(4) Prepare to be Accused of Mansplaining: If you’re a dude, and you dare to stand up to a progressive bully, you’ll eventually be accused of mansplaining. So you should probably know what that is too. Rebecca Solnit’s description of “mansplaining” is clear, precise, and painfully accurate. I’ve witnessed it first-hand on numerous occasions. For instance, I once watched two clueless dudes take it upon themselves to school my wife in the intricacies of climate change politics at a dinner party. These guys—whose entire knowledge of the subject was, we later on discovered, based upon one TED Talk and last Sunday’s New York Times—continued to tell her “what’s what” even after I told them that she was an expert on the subject! Even after she’d made it abundantly clear to everyone within earshot that she was indeed an expert on the subject! Even after she’d also made it abundantly clear that these guys had no idea what the fuck they were talking about! So yeah, I get it: mansplaining is a real thing. And it is indeed obnoxious.
But you’ve gotta demonstrate that you’re being mansplained, you’ve gotta demonstrate that you know what you’re talking about; you can’t just assert it. As my friend Jed Trott puts it: “There is no problem with the idea of mansplaining but it requires an argument. You can’t just drop it and walk away from it like a fart in an elevator.” Dropping the mansplaining bomb in Social Media Land has become sort of like saying: “Hmm, that sounds just like something Hitler would say.” Those who wield this weapon no longer feel the need to justify their claims. What they want, what they’ve come to expect, is automatic deference. Calling people out for mansplaining has become little more than a progressive bullying technique, yet another convenient way to silence critics and shut down debate.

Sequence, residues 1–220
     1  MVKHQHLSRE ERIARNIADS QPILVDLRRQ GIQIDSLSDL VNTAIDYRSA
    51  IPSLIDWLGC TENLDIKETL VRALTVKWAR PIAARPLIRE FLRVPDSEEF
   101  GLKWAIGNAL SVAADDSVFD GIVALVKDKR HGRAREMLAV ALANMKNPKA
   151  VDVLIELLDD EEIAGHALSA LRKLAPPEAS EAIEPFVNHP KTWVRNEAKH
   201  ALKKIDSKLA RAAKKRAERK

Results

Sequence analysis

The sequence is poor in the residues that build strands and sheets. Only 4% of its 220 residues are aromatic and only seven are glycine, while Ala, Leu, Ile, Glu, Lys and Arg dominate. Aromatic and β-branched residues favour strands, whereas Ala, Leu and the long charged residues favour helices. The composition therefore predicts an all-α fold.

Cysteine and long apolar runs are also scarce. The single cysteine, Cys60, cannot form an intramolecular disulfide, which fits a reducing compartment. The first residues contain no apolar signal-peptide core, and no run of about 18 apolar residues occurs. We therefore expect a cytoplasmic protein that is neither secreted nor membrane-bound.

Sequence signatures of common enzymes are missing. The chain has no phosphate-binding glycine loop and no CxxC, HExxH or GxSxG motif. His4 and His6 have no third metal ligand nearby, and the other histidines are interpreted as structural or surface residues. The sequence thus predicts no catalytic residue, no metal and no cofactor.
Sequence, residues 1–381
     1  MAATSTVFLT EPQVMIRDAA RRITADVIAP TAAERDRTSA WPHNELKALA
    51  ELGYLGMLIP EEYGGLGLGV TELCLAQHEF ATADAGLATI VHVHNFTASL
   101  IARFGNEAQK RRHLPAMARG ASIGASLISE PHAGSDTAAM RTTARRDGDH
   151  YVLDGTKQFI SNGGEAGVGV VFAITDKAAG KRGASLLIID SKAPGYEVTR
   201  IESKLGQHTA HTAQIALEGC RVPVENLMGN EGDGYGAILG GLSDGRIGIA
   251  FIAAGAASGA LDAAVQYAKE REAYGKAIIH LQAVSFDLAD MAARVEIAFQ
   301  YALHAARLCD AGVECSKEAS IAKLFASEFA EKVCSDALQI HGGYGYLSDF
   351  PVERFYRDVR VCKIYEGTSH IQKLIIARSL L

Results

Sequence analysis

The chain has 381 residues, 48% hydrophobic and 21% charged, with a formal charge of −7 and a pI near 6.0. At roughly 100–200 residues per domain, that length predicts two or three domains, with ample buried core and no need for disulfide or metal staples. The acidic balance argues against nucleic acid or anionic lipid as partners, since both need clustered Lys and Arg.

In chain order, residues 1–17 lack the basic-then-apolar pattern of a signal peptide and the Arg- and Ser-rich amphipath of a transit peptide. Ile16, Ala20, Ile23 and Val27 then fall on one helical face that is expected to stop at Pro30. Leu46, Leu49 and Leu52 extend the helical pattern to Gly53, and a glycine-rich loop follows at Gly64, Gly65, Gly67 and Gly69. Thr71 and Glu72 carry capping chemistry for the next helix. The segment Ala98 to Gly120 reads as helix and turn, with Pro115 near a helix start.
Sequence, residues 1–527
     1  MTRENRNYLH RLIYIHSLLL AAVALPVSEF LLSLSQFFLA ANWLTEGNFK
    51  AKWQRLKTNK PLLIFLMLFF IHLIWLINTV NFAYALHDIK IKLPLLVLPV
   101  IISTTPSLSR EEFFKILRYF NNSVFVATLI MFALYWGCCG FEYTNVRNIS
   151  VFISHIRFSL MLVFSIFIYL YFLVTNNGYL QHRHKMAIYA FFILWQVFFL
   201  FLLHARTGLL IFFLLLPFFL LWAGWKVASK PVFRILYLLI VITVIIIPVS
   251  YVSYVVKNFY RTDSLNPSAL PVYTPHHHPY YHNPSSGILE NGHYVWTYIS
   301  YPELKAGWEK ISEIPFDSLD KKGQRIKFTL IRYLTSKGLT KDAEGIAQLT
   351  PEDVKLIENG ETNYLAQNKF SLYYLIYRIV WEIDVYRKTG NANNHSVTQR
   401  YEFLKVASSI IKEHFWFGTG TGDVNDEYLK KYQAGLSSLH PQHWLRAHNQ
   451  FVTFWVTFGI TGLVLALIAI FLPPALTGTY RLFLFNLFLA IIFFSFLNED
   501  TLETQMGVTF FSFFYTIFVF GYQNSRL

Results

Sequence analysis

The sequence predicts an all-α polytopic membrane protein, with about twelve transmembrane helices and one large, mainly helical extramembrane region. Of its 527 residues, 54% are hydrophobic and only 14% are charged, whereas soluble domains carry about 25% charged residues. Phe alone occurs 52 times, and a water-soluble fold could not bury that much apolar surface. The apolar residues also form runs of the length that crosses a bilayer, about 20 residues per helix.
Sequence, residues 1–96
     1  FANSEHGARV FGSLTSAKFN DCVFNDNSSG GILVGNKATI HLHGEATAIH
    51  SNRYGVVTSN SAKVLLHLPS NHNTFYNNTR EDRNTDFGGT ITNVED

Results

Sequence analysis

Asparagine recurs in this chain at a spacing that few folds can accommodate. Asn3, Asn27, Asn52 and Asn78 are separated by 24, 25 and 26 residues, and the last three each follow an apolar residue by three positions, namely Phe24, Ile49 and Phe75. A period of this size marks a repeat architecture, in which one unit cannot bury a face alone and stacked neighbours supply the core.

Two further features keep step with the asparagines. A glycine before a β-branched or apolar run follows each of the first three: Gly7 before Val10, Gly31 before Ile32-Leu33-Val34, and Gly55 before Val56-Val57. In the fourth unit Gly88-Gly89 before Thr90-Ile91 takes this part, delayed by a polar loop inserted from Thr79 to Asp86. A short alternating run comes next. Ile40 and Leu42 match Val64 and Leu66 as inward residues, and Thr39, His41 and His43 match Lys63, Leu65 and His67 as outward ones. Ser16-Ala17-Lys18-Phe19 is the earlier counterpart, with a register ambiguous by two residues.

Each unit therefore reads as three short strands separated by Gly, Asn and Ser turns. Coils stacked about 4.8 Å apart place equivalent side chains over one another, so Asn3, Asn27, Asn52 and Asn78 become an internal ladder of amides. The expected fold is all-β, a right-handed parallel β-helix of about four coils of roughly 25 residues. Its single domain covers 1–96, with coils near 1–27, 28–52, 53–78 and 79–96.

(5) Prepare to be Told that You Need to Check Your Privilege: This expression was once uttered in the spirit of John 8:7, wherein Jesus famously tells a group of men who are about to stone a woman to death: “He that is without sin among you, let him first cast a stone at her.” But it’s now uttered in precisely the kind of sanctimonious spirit Jesus despised: the self-righteous spirit of the Pharisees, who love to perform their good works “on the street corners to be seen by others.” These days, the person who says “check your privilege” is in all likelihood little more than a progressive bully who’s trying to silence you.
(6) Beware of Rhetorical Gerrymandering: Imagine if you and I lived in the same neighborhood and commuted across town to the same workplace every day. You have a car. I do not. You drive to and from work everyday. I take the bus. Now imagine that you and I sign a contract wherein you agree to “give me a lift” in 2019 for $500. Being American, you think you just agreed to a carpooling arrangement. But, unbeknownst to you, I was surreptitiously referring to the British definition of “lift” (that is, elevator). When this eventually became clear, would you honor your commitment? Would you build me an elevator in 2019 for the bargain-basement price of $500? Of course not. You’d quite rightly maintain that you never would have agreed to those terms if you’d known what I meant by “lift”. When activists engage in this sort of sleazy wordplay, I refer to it as rhetorical gerrymandering.
Rhetorical gerrymandering is a practice intended to establish a political advantage for a particular party or group by unilaterally redefining the borders of a word’s meaning. Here’s how it’s done: (i) Begin with a word, phrase, or concept like “racism” or “hate speech” that (a) has a commonly understood meaning, and (b) is commonly understood to be good or evil. (ii) Sneak in a weird, atypical definition (e.g., racism is only racism when certain people do it, hate speech is only hate speech when it’s about certain people, etc.). (iii) Now claim that anyone who is against this thing that is commonly understood to be evil, or for this thing that is commonly understood to be good, must agree with your policy proposal, analysis, etc. It’s a clever hustle. Beware of it.
Progressive Bully Gets Bullied
Two of the nastiest bullies I’ve yet to meet in Social Media Land, the first two people I was forced to block on Facebook, were publicly shamed for screwing their predominately trans employees out of thousands of dollars earlier on this year. The irony of this was nothing short of astounding, because these self-righteous social justice warriors have been branding themselves as paragons of left-wing virtue for the last decade. If you live in progressive Montreal, this was every bit as riveting as that moment in 2006 when the anti-gay pastor of a megachurch was caught smoking crystal meth with a gay prostitute.